jexia: (Me me)
[personal profile] jexia
On an island in a lake, there stands a tree. Its roots stretch down to drink the sweet waters in which the silver fish play; its branches dance against the sky, revelling in the flow of the wind, back and forth.

Each morning, the wind blows from the east, fragrant with spices, and bearing pollen to fatten the blossom buds. The afternoon wind blows from the west, bitter and alkaline, carrying ashes and salt, but pollen, too.

The fruit on the east side of the tree grows sweet and juicy, its thick, silver rind enclosing soft, pulpy flesh. Children row out in their little rowboats, and gather the fruit, stuffing as much into their mouths as they can. There is always one child, young and on their first visit, or hopelessly optimistic, who ventures to the west.

The fruit on the west side of the tree is dusky, its rind thickened against the bitter wind. The pollen from the west tells a different story to the tree's blossoms as they swell, and the flesh within is dry and seedy. Children who try it gasp about the sourness, with their mouths puckered dry, and scamper back to the east, to sweetness and goodness.

Come autumn, the remaining fruit fall from the tree, scattering into the lake, and the tree prepares for the winter ahead.

Winter passes with its usual bluster, but one afternoon brings a terrible storm. The westerly wind, bitter and cold, lashes the tree, battering it with fury. The tree resists, but from the west comes a terrible rending sound.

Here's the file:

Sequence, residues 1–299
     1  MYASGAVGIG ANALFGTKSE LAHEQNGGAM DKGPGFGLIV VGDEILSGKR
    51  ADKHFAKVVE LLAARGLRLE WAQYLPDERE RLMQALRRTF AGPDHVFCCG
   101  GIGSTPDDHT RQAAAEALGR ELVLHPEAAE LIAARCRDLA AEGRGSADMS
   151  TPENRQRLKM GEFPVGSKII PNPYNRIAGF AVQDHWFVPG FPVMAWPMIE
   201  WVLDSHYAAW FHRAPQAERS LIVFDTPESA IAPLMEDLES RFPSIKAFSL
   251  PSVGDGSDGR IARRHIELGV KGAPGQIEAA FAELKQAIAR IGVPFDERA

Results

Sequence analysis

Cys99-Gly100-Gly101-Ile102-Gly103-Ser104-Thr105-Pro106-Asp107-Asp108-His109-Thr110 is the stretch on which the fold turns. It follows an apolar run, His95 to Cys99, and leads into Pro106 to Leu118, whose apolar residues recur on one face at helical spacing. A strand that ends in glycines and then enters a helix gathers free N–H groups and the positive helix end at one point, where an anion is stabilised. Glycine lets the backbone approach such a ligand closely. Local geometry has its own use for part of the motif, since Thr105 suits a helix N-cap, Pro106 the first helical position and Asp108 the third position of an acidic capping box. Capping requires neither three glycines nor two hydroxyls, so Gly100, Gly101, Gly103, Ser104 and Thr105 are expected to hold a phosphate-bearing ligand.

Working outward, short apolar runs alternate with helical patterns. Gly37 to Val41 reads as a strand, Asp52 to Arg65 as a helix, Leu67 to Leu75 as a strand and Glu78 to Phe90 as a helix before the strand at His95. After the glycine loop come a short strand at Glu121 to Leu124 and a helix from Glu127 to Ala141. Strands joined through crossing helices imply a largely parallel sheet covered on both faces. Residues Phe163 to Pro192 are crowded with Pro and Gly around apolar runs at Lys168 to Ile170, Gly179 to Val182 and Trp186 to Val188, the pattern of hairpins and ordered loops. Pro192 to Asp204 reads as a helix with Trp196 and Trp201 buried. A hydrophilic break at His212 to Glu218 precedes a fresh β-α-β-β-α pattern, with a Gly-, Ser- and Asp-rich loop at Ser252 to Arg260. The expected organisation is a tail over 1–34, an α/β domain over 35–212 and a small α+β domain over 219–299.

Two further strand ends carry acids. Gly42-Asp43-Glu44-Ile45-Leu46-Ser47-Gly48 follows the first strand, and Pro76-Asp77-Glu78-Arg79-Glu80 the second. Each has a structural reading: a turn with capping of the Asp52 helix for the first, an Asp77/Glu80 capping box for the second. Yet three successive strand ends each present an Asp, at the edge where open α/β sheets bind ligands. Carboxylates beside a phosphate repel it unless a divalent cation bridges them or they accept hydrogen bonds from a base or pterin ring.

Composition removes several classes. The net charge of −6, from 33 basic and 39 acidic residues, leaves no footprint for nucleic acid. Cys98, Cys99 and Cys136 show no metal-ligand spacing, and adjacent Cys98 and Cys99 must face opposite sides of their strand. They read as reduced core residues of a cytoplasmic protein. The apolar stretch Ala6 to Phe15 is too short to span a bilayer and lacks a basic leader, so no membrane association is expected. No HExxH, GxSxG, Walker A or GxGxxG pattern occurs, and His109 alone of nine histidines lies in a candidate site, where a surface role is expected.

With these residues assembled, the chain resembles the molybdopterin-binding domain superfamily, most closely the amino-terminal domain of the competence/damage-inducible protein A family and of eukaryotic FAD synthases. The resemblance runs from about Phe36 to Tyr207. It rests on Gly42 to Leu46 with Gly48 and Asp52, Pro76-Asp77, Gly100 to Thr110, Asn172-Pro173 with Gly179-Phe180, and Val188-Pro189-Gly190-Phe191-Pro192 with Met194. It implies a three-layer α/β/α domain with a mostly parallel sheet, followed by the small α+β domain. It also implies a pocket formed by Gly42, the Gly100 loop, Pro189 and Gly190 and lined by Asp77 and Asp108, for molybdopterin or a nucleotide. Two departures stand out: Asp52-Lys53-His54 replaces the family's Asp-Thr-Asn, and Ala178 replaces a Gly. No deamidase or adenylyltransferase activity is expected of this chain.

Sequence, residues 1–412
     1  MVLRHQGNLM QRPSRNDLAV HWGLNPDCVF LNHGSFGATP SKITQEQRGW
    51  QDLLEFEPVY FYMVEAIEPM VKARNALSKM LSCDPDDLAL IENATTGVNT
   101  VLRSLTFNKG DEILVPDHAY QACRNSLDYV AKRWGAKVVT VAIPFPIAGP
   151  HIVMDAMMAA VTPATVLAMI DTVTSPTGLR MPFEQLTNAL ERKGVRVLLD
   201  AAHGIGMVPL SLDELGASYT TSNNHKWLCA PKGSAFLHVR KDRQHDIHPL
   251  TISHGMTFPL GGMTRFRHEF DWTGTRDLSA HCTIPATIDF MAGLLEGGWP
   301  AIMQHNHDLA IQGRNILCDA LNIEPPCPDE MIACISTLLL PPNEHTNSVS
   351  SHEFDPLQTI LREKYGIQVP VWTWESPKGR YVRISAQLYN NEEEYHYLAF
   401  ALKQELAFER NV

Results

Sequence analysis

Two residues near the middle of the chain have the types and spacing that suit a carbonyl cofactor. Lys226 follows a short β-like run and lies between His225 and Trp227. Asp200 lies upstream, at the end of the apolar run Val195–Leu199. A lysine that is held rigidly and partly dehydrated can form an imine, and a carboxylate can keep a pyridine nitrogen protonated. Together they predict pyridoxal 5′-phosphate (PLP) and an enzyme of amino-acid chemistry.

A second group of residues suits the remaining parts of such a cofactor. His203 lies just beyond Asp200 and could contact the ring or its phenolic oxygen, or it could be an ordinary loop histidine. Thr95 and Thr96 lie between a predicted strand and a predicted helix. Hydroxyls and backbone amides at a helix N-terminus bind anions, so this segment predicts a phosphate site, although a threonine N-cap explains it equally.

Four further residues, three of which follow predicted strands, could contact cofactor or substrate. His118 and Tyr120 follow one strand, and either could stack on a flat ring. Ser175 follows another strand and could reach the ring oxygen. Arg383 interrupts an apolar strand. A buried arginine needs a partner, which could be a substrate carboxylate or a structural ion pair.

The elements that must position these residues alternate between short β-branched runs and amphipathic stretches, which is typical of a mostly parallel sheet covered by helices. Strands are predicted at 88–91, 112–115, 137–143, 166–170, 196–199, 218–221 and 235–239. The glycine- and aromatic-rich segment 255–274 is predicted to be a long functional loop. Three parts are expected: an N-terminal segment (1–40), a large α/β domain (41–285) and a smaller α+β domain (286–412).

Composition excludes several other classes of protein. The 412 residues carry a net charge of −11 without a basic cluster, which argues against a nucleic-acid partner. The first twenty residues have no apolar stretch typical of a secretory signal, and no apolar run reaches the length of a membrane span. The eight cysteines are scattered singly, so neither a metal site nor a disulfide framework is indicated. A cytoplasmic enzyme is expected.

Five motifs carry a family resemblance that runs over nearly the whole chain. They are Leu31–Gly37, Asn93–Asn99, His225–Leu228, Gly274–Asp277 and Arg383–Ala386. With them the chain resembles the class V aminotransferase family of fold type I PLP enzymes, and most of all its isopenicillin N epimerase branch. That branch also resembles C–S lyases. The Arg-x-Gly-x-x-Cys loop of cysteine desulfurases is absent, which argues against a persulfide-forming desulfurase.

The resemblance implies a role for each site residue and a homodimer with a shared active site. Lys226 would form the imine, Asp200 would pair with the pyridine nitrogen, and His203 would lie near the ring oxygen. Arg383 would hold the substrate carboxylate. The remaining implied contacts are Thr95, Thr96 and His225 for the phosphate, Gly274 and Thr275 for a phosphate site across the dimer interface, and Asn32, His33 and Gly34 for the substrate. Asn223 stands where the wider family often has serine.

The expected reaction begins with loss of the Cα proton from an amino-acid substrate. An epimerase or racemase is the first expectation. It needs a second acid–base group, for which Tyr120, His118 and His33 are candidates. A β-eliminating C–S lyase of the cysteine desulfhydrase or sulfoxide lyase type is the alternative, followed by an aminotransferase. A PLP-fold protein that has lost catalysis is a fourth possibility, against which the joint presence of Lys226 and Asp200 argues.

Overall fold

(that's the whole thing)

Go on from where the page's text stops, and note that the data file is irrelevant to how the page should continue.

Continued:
Spring comes. The morning wind brings perfume and pollen. The afternoon wind brings only salt and ashes.

As spring stretches into summer, the fruit on the east side of the tree fattens into delicious weightiness. The west side of the tree is empty of fruit, covered only with soft, silver leaves. The children come, with greedy mouths and empty bags, to gather the fruit. They are pleased that there are no sour fruits, and strip the tree bare.

Autumn comes again. There are no fruit left to fall, to scatter into the lake. The silver fish cannot feed, to get strong for the winter ahead. Many die. Their darting dances no longer sweeten the lake, and the water begins to stagnate.

The tree has no choice but to drink of the water. The sourness seeps through its sap. The silver leaves wither, and spring brings no blossoms to scent the air.

There will be no fruit this year.
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June 2016

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